Persisting in prayer for racial harmony

During the week of the first nationwide United States holiday honoring Dr. Martin Luther King, Jr., Beverly Lyle watched with special interest a television review of the progress in civil rights since the 1965 Freedom March from Selma to Montgomery, Alabama. The discussion reminded her of her own private, prayerful marches along a small stretch of that same Selma road during the years of 1962 through 1964. She says the program made her see just how essential it is for her—for each of us—to be persistent in prayer for the solution of community challenges, even when those challenges seem overwhelming and beyond the scope of one individual's ability to bring about change.

In 1962 she had only recently moved to Selma from the state of Washington. She and her husband, an Air Force pilot, lived off base in modest rental housing in the country alongside the Selma–Montgomery highway. They were expecting their first child, and as a Christian Scientist, she was actively preparing for that birth by praying to understand more of the spiritual law that governs all creation. But she had not been in Selma very long before an incident occurred that made new demands on her prayer.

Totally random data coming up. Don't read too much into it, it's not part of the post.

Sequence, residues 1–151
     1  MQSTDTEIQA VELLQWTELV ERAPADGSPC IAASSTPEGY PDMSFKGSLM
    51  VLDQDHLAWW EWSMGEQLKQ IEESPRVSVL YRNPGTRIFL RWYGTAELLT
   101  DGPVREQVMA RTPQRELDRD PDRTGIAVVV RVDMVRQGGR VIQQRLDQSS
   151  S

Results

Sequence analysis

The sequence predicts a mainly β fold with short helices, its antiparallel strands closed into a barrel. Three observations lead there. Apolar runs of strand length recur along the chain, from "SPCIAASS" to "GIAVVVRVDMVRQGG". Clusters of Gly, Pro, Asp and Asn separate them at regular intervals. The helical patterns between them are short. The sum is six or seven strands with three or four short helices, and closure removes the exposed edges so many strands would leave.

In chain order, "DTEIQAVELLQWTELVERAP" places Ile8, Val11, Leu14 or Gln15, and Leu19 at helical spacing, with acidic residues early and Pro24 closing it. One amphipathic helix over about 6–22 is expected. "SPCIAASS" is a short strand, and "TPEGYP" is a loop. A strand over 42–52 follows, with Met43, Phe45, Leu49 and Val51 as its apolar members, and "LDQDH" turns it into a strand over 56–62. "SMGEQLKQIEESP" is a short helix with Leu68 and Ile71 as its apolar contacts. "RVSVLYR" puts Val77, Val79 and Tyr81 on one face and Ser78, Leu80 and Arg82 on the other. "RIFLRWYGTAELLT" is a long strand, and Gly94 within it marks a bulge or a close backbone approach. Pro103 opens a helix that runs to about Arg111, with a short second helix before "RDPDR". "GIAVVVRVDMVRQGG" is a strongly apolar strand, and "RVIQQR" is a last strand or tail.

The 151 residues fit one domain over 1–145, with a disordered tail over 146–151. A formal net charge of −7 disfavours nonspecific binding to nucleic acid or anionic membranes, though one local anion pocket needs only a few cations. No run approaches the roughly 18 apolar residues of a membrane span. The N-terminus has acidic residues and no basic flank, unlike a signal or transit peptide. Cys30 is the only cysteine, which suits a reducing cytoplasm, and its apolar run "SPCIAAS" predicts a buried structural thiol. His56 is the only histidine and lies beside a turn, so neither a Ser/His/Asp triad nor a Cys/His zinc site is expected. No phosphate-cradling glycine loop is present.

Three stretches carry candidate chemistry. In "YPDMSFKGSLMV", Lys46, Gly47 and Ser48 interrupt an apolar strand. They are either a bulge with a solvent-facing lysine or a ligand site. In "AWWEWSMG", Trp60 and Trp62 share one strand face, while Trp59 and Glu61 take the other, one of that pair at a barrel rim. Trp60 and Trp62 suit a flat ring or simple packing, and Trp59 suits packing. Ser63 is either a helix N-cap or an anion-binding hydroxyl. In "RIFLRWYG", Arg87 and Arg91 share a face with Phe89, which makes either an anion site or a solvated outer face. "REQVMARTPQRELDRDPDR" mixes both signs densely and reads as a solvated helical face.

"I felt so lonely when I first came, and one day I saw blacks picking cotton across the road. I was naive; I really hadn't been exposed to discrimination. I just thought, 'There are people over there to talk with.' So I went across the road and started visiting with them and asking them questions about what they were doing. On my way back to my house, I passed our landlord, who had been watching me from his porch. He stopped me and said, 'Ma'am, don't you ever do that again.'" Mrs. Lyle recognized that his tone was not at all gentle; this was a warning.

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Seeing "every man clearly"
January 19, 1987

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